Thinkorswim’s spacious Chicago digs

Discussion in 'Retail Brokers' started by rubibond007, Feb 8, 2008.

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    tradermonthly magazine:

    “The idea of an ‘office’ is kind of a stretch for us,” says Don Roberts, managing director of Thinkorswim, the Chicago options-brokerage firm. He’s not kidding: The company’s sleek headquarters is as cavernous as an Airbus hangar, occupying 24,000 square feet over two floors of a warehouse built in 1908 by now-defunct retailer Montgomery Ward, overlooking the Chicago River just northwest of the Loop.

    Thinkorswim cofounder Tom Sosnoff, 50, presides over the fray from an alcove just off the main floor that serves as a de facto living room for his employees. Otherwise, the immense space has few partitions and no cubicles — some three dozen traders, as densely grouped as straphangers on the rush-hour El, occupy workstations at the center of the loft. “We try to pack people in tight,” Sosnoff says. “It creates noise and energy.” Thinkorswim moved here in March 2006, having outgrown its old redoubt in the Lakeview neighborhood on the city’s North Side. It has since reconfigured the space five times to accommodate headlong, steady growth — it currently boasts roughly $2.6 billion in client assets, up from just $105 million half a decade ago. The most recent overhaul, though, was also the most significant: Upstairs, in an area almost as large as the main floor, stretches “the Wall,” a bank of 160 trading screens, all tricked out with Thinkorswim’s in-house software, that runs nearly 50 yards. “It looks like a video gamer’s dream,” Sosnoff says.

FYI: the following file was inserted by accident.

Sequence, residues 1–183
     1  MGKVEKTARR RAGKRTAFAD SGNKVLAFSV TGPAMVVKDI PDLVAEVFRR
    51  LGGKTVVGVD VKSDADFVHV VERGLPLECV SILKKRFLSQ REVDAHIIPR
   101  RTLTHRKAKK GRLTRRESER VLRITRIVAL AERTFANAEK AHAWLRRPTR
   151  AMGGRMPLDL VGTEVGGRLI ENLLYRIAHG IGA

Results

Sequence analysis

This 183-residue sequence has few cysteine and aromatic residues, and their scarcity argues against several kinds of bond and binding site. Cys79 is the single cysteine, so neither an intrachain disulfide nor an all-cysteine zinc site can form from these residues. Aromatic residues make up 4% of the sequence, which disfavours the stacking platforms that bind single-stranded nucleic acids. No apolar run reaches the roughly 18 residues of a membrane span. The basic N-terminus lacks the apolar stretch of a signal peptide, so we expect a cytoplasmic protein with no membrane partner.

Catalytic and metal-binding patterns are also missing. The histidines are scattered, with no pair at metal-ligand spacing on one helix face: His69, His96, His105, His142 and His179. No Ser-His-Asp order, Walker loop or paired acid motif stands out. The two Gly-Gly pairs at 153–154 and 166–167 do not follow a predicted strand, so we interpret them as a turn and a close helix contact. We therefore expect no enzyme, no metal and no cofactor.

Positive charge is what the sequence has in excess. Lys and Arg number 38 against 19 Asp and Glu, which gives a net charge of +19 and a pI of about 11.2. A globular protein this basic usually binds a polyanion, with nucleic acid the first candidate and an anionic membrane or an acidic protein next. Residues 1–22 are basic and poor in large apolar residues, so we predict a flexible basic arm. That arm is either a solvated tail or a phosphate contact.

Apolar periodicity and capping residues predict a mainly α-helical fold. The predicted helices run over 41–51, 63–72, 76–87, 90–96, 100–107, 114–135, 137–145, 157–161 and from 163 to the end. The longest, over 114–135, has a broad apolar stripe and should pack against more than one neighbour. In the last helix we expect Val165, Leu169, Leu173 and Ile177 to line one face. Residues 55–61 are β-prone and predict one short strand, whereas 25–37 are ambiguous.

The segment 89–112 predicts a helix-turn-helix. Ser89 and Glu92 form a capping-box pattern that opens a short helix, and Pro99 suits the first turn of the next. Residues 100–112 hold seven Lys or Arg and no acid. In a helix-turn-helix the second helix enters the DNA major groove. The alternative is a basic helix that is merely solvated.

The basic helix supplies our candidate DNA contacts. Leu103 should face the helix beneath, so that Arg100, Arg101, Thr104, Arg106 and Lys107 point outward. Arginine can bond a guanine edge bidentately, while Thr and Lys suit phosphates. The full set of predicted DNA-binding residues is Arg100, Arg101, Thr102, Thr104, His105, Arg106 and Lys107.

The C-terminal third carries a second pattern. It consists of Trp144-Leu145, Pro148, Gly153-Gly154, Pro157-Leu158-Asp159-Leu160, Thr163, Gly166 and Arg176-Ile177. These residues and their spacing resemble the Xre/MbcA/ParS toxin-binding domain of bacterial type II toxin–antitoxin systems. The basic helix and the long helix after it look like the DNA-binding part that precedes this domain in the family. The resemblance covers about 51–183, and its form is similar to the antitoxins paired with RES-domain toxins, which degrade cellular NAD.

Since January 7, the Wall has been home to 20 traders selected from a pool of amateurs who have passed through the company’s most advanced training program. They’ll spend two months at the Wall — an immersion that will, with luck, turn them into trading pros whose skills will redound to Thinkorswim’s benefit.

    The Wall has many functions, Sosnoff notes: It’s an investor-education program, a marketing tool and a technology R&D lab. But perhaps its most poignant feature for Thinkorswim’s traders is the way it exudes the feel of the trading floors of old. The Wall’s workstations, it turns out, have no chairs. “We tried to re-create the look and feel of open-outcry,” Sosnoff says. “That’s part of what makes traders hungry and aggressive: The torture of standing there, not being comfortable, with the competition around you — that’s crucial.”
  2. nitro


    I met those guys a few years back. Not only is their software beautiful, but they are really nice people as well. I hope their success doesn't spoil them or ruin their culture.

    Success well deserved, imo.